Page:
Enriching child protection law through musical techniques, discourses and pedagogies. 29–30 May.
Improvisation, as that which occurs ‘on the spur of the moment’, is commonly assumed to eschew all law, convention, structure or form. A growing number of improvising musicians and critical improvisation scholars criticise this understanding of improvisation. To improvise well requires enormous discipline and skill, as well as an attention to cultural history and memory.
Although improvisation is most often associated with the musical realm – for example, jazz music – this symposium highlights the fundamentally improvisatory nature of Western common law and justice. As no two legal actions can be exactly the same, each judicial application of existing rules or past precedents to new facts creates, in fact, a new and improvised law. And it is the very nature of legal judgment that elicits a negotiation between the singularity of a particular case and the pre-existing rules or laws to which it must adhere or follow. Novelty and creativity, however, must be subordinated to tradition and precedent in order for law to remain legitimate and commanding in contemporary society. Law, in other words, cannot be seen to be produced on the spur of the moment. To be just, it must apply fairly and equally and be known by all in advance.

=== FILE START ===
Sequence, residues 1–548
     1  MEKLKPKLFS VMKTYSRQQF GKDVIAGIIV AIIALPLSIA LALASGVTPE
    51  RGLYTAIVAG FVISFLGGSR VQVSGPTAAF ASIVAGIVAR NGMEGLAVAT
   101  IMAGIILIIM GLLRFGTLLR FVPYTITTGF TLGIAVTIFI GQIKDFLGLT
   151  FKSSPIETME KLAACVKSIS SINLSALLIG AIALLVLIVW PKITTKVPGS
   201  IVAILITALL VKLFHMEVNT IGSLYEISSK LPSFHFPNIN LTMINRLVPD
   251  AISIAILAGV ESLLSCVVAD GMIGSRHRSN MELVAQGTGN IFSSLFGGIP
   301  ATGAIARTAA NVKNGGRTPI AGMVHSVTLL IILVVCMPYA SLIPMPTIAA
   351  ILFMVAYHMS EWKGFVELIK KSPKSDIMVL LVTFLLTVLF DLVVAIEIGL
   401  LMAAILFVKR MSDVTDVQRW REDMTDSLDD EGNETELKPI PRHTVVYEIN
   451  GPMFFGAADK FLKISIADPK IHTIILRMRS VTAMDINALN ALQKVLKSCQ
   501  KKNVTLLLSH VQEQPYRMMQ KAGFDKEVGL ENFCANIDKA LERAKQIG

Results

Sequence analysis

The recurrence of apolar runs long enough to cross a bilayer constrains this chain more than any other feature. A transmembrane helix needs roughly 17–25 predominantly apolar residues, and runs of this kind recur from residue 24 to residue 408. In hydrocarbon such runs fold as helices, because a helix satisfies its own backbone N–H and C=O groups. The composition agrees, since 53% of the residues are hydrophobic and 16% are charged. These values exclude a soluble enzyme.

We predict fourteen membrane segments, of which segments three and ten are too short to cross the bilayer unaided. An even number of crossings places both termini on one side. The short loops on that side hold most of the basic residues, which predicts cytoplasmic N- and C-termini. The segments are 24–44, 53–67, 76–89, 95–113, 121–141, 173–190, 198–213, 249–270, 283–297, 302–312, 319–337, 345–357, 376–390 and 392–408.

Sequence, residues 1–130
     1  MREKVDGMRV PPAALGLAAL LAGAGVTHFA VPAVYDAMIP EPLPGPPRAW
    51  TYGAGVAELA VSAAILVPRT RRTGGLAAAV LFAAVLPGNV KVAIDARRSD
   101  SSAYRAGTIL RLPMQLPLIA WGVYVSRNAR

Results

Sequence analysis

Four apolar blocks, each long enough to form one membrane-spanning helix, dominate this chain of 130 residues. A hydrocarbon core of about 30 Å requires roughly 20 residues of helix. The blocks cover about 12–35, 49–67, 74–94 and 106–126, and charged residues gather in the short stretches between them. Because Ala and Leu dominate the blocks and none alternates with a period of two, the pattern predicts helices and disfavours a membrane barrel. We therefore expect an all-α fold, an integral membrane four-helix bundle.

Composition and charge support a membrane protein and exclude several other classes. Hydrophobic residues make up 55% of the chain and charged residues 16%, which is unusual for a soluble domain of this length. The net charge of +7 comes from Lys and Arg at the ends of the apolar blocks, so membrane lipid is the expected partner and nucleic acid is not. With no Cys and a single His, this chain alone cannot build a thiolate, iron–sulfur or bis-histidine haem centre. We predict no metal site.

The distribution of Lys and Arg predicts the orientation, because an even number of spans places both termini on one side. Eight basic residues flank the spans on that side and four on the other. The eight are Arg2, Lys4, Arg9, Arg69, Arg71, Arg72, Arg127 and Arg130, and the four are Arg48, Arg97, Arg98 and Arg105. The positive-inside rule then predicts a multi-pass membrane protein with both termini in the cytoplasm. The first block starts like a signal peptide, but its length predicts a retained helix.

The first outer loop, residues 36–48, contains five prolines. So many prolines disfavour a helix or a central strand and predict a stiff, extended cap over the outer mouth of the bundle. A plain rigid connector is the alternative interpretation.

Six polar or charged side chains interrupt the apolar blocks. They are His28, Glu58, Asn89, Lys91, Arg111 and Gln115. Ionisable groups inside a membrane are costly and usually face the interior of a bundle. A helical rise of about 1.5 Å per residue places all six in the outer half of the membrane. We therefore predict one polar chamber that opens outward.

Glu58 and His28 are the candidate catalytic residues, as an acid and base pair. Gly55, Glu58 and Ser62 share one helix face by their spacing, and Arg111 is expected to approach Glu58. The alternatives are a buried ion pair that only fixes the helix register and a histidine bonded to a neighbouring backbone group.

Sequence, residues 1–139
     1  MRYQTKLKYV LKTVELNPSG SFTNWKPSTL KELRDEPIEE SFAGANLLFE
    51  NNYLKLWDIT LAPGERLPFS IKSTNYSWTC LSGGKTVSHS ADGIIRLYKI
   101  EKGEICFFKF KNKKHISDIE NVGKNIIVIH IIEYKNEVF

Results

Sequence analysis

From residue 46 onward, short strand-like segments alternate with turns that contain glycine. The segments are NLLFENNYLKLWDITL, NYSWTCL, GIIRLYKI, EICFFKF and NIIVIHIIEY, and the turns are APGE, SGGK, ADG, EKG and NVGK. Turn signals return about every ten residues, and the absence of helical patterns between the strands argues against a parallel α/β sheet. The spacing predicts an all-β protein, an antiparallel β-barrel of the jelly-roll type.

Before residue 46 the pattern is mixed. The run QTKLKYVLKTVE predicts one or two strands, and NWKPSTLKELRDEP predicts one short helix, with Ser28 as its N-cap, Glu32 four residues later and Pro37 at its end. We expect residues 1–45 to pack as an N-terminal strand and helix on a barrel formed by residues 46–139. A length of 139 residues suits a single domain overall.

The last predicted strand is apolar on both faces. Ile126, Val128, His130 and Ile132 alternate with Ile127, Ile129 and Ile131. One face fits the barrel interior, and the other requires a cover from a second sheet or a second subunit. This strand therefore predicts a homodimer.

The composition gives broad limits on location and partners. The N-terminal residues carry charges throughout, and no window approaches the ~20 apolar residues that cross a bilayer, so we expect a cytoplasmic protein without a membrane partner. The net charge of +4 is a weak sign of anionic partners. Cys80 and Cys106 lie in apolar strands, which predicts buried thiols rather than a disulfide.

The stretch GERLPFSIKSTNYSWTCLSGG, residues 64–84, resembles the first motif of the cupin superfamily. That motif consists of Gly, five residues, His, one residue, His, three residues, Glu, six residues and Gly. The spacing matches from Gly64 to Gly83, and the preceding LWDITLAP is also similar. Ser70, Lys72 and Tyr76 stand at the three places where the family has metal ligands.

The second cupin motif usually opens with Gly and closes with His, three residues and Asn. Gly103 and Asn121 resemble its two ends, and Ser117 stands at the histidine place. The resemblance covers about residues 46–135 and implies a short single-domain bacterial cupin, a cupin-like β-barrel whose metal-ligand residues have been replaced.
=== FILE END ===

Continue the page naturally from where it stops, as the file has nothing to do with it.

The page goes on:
Bringing together academic and non-academic participants, both locally and internationally, this symposium explores the improvised creativity that is at the heart of legal decision-making, specifically as it applies to the area of child protection law. Through panel discussions, keynote addresses, improvisation workshops and performances, symposium participants will interrogate how to best equip those working in child protection (lawyers, judges, social workers, policy makers, community activists and third sector employees) to be confident in the improvisatory role which they are being called to undertake, where improvisation is understood as the technical ability and responsiveness to negotiate a smooth path between the general system of legal rules and an individual case. The symposium is free and open to the public. Please RSVP in advance to Matilde Meireles at email@example.com.
For more information on the symposium, and the AHRC-funded research project upon which it is based, please visit www.translatingimprovisation.com.
Sonic Arts Research Centre, Queen’s University Belfast
Funded by the Arts and Humanities Research Council (AHRC)
Keynote addresses by Pauline Oliveros (USA) and Ellen Waterman (Canada) and concerts by Maria Chavez (USA) and Okkyung Lee (Korea)